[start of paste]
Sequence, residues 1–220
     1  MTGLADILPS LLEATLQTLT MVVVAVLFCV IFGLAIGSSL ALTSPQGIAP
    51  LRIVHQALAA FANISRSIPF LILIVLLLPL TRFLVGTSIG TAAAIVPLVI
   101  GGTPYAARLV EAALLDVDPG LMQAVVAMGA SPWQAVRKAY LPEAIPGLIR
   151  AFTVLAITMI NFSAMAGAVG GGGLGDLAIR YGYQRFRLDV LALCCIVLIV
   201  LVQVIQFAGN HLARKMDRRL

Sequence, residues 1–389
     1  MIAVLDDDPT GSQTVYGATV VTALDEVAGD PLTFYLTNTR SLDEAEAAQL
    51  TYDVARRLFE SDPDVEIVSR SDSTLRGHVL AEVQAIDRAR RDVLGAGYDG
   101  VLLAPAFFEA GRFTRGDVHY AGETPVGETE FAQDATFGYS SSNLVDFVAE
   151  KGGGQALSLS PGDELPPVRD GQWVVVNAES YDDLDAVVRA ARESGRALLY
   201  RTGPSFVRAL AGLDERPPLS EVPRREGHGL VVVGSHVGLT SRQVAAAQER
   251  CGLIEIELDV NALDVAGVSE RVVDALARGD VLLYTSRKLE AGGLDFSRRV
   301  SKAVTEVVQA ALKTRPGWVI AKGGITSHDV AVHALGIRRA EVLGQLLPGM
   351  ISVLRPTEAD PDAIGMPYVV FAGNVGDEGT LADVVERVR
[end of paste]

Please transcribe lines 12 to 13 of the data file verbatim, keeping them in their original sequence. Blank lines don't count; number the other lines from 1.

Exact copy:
   201  RTGPSFVRAL AGLDERPPLS EVPRREGHGL VVVGSHVGLT SRQVAAAQER
   251  CGLIEIELDV NALDVAGVSE RVVDALARGD VLLYTSRKLE AGGLDFSRRV